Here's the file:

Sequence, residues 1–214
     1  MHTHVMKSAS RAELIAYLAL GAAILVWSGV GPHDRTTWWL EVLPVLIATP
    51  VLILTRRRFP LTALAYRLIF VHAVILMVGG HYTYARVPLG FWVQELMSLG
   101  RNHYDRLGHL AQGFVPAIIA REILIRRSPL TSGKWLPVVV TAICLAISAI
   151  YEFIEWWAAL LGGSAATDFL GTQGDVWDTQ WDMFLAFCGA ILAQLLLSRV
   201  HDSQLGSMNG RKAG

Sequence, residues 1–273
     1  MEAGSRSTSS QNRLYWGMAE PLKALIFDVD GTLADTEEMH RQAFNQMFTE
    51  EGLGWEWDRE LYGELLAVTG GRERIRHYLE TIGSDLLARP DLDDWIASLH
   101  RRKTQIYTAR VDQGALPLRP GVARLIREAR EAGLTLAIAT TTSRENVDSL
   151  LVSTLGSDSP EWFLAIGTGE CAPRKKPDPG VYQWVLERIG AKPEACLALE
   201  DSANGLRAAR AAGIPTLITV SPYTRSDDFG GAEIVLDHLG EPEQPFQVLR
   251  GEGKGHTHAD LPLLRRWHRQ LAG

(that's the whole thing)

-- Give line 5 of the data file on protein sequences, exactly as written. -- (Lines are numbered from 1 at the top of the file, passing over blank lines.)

   151  YEFIEWWAAL LGGSAATDFL GTQGDVWDTQ WDMFLAFCGA ILAQLLLSRV